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He played opposite Doris Day and Mary Tyler Moore on their TV shows. He appeared on “The Fugitive,” “Days of Our Lives’’ and “Marcus Welby M.D.’’ He worked with such stars as Don Rickles, Bob Newhart and Bette Davis. He once appeared in a Paine Webber commercial with tennis star Jimmy Connors and played the Lone Ranger in a series of commercials.

Camille grew up in Macon on Vineville Avenue at the corner of Kenmore Place, not far from the Georgia Academy for the Blind. Her father, Walter Ellis Smith, worked for the National Biscuit Co., better known as Nabisco. Her mother, Henrietta, was a homemaker.

She graduated from Miller High School for Girls and left home at 19 for New York, where she captured the attention of two top modeling agencies, Eileen Ford and Huntington Hartford.

Her romance with Jack was put on hold for a few years as she split time between the fashion houses of New York and film sets of Hollywood. Jack stayed behind in New York when she moved to Los Angeles, where she was put in charge of the “new talent’’ department at 20th Century Fox.

She worked as an assistant producer on the “Perry Mason Show.’’ She later was an assistant to well-known producer Robert Arthur and director George Roy Hill. She worked with actors John Wayne, Dean Martin and Jimmy Stewart.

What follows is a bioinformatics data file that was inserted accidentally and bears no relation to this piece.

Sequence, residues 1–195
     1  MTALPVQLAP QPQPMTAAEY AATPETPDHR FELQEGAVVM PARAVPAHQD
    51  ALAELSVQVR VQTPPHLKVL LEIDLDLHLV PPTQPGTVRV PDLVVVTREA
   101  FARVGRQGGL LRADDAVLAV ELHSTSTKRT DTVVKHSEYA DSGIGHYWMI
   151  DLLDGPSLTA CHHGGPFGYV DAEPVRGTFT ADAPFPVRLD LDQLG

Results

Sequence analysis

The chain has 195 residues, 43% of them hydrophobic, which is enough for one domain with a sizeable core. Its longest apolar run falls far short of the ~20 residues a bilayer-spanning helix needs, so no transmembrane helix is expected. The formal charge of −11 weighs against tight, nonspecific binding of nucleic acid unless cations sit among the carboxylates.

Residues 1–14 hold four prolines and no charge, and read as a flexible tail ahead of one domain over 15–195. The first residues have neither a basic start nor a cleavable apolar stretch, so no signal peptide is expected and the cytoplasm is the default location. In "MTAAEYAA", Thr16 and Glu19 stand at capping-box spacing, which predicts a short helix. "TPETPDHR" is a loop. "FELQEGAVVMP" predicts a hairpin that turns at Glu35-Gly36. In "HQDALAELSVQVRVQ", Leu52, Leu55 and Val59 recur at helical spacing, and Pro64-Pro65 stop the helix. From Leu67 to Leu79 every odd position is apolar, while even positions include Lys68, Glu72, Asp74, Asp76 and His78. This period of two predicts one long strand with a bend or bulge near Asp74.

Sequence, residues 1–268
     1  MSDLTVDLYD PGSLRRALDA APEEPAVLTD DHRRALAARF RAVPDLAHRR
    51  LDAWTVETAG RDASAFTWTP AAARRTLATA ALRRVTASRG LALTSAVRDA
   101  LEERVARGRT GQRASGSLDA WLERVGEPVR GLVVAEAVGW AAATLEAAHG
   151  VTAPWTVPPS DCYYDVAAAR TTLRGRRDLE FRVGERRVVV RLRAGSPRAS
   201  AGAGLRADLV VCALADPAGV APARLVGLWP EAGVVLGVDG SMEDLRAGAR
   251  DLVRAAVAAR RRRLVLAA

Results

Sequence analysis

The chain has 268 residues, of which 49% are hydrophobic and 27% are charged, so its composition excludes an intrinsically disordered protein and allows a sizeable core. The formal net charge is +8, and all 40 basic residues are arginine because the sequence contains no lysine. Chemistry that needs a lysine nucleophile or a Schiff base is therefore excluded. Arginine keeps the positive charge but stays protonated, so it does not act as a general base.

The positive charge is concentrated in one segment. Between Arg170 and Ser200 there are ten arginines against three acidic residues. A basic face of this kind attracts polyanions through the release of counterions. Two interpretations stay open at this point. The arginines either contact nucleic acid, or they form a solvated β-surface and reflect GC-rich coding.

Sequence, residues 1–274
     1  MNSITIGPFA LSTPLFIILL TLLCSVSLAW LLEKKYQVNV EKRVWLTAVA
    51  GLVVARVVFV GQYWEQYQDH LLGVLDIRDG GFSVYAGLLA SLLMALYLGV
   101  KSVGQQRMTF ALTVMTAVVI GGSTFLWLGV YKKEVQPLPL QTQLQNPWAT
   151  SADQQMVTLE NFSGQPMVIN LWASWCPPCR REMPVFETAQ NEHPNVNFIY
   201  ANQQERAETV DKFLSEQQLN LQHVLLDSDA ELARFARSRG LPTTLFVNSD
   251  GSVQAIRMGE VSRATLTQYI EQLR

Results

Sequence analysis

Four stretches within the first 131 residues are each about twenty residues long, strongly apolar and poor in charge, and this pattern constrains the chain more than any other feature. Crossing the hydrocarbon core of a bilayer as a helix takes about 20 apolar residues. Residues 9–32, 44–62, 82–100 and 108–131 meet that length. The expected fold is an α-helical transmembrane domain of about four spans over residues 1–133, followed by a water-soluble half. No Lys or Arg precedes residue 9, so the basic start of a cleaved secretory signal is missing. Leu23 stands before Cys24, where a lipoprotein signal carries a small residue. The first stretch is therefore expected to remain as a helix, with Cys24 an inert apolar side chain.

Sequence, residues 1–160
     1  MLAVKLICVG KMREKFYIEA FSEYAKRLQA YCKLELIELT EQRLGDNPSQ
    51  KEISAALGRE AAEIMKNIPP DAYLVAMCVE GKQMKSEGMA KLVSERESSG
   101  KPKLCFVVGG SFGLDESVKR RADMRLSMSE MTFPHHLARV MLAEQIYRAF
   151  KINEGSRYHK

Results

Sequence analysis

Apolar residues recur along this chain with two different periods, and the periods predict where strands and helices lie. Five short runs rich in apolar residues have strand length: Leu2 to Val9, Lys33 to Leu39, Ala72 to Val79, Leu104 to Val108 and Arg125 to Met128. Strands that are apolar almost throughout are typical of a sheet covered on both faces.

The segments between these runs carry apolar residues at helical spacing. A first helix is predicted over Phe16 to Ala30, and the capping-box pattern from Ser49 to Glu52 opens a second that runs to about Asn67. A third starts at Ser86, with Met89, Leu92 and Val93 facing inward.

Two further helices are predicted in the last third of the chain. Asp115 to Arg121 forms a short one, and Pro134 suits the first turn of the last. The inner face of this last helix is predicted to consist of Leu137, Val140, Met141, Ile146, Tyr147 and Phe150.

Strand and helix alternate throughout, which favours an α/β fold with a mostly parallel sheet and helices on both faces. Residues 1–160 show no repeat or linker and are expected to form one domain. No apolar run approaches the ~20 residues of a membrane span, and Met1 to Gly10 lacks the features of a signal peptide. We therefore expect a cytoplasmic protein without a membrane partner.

Camille was with Hill when he won the Oscar for “The Sting,” and she also worked with him on one of his most popular movies, “Butch Cassidy and the Sundance Kid,’’ with Paul Newman and Robert Redford. She and Jack became close friends with Newman and his wife, Joanne Woodward.

Jack has dozens of framed photographs of Camille spread across the living room. He got them out after she died because she would never let him display them. Whenever he would sneak them to the coffee table, she would put them back in the closet or drawer. There is one of her and Elvis at a masquerade party. There is Cary Grant, with his arm around her. And a photo album of her from her modeling days, radiant with her five-car pileup beauty.

Jack said he plans to continue to live in Macon, where he has made new friends and is learning to appreciate the slower pace. He and Camille did not have children. His nephews, Tom and Brad McDonald, live in Macon and Fort Valley.

He finds it fitting that Camille would come “full circle” and return to the place where she began her life to leave him with so many happy memories.